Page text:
University of Nebraska President Hank Bounds today announced the 2016 winners of the university’s most prestigious awards for teaching, research and engagement.
The university-wide awards recognize faculty whose work has had a significant impact on students, the university and the state.
“Our talented faculty are some of the University of Nebraska’s greatest assets. Whenever I spend time in their classrooms, labs and fields, I walk away even more excited about what the university is doing to serve students, our state and the world,” Bounds said. “I’m privileged to honor the outstanding work of our faculty members and I thank them for all that they do. Nebraskans can take pride in the work that’s happening across our campuses.”
Awards will be presented during a luncheon this spring. Winners – who are selected by a committee of faculty members and, in the case of the engagement award, community members – receive $10,000 each, a presidential medallion and an engraved plaque. The winners are:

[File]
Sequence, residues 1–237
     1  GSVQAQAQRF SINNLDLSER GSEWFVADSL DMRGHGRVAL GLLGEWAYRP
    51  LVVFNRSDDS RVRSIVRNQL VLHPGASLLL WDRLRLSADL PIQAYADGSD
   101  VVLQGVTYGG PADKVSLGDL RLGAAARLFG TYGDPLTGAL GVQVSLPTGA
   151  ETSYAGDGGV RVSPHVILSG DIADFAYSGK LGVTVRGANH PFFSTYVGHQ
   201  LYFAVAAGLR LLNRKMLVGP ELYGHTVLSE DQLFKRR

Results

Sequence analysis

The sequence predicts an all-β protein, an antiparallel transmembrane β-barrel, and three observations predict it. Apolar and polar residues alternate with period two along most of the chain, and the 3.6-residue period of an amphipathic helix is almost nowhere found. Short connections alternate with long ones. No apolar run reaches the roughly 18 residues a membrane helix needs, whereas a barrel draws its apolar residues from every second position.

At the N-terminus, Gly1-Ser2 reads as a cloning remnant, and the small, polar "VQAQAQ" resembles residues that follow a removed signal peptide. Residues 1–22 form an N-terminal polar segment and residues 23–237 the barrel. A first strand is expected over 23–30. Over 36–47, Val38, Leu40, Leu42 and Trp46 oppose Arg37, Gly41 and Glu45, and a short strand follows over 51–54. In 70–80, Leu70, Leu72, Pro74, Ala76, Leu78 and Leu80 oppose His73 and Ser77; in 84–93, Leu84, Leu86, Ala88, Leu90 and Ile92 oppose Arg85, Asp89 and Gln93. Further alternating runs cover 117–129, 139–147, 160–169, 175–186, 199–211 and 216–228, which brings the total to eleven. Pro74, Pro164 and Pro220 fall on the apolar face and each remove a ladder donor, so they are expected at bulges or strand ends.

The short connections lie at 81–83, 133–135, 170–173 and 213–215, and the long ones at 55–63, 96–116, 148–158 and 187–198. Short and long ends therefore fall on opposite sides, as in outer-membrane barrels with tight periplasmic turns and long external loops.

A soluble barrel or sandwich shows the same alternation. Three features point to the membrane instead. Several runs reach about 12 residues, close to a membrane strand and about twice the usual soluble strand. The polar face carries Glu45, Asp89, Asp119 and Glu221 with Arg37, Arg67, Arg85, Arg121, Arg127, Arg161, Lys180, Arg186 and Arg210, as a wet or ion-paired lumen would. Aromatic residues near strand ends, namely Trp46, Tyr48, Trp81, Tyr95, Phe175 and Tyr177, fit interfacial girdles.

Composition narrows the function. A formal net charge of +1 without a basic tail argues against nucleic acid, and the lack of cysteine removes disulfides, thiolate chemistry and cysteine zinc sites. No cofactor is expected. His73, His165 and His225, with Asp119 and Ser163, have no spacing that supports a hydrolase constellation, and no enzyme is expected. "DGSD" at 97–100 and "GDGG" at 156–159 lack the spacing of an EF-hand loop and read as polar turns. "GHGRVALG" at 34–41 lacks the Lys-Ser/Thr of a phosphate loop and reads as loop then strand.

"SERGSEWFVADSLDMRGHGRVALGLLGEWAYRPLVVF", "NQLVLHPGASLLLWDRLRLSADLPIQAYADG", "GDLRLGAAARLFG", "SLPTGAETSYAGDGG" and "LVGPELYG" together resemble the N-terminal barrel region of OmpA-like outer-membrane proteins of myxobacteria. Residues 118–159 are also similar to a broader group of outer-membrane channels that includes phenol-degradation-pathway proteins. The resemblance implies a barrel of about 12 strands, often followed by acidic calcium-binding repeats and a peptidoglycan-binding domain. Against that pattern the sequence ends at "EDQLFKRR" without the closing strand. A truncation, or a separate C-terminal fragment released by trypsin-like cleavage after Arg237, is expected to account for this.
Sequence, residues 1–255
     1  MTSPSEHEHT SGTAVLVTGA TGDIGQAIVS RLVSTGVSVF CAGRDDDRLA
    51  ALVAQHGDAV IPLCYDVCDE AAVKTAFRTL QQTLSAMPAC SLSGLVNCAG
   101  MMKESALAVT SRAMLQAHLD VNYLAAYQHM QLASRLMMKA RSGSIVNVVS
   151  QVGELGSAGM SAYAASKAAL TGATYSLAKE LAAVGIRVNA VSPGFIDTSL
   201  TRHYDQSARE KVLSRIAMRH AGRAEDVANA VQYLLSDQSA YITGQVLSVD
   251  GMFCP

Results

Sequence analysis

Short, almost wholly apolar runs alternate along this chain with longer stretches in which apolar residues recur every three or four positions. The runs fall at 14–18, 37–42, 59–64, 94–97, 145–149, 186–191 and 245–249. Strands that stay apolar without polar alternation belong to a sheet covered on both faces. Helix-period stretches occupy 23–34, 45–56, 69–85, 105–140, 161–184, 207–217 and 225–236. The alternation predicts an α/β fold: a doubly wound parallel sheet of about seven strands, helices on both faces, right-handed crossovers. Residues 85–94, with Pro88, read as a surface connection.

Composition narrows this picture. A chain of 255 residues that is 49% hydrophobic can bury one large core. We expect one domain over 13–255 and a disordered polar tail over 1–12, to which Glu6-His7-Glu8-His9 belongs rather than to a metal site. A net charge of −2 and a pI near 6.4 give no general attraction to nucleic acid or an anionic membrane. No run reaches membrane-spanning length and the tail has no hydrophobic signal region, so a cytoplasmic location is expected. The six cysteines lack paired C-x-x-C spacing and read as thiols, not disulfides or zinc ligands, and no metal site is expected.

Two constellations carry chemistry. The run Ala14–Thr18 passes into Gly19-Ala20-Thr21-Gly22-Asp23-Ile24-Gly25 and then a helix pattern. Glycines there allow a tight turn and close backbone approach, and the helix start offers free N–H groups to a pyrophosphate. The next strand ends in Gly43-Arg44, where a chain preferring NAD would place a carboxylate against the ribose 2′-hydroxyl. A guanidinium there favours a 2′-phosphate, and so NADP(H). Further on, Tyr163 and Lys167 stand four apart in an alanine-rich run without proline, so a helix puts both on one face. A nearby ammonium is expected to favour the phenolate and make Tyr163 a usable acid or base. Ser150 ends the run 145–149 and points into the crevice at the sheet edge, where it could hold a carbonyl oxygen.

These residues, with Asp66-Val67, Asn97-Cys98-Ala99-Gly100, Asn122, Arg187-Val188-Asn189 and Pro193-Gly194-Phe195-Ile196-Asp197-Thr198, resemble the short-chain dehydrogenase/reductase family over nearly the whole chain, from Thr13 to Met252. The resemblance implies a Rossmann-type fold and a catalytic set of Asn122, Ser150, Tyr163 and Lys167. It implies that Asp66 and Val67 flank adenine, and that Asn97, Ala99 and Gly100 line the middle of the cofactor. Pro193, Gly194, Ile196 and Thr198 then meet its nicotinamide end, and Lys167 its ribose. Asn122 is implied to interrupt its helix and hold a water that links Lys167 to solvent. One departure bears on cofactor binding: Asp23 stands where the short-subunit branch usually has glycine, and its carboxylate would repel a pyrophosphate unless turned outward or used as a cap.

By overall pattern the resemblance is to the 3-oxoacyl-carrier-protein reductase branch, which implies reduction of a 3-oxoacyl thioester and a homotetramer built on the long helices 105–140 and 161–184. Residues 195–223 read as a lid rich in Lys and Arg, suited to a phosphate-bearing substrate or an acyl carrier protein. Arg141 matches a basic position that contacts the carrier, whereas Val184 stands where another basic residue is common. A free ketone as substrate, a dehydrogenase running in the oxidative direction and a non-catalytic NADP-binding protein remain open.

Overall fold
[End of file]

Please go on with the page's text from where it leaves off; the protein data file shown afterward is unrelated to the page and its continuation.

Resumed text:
Outstanding Teaching and Instructional Creativity Award (OTICA): recognizes individual faculty members who have demonstrated meritorious and sustained records of excellence and creativity in teaching.
Neal Grandgenett, Ph.D., Dr. George and Sally Haddix Community Chair of STEM Education in the College of Education at the University of Nebraska at Omaha.
Grandgenett teaches undergraduate and graduate courses in data-driven decision making, interdisciplinary STEM (science, technology, engineering and mathematics) learning and research methods. His efforts at UNO have helped establish dual pathways for P-12 STEM teacher certification that are collaborative across colleges, and his community efforts have engaged thousands of teachers and other campuses in efforts like learning with educational robotics and wearable technologies. A 27-year veteran of UNO, Grandgenett is a favorite among students, achieving a lifetime instructor average on student evaluations of 4.88 on a five-point scale. His research interests align closely with his teaching and focus on the investigation of technology-based learning in STEM education, a topic on which he has authored more than 130 articles and research papers. Grandgenett has been a principal investigator or co-principal investigator on nearly $18 million in federal grants, and has been the investigator or co-investigator on 10 National Science Foundation grants, several of which have been shared with other NU campuses.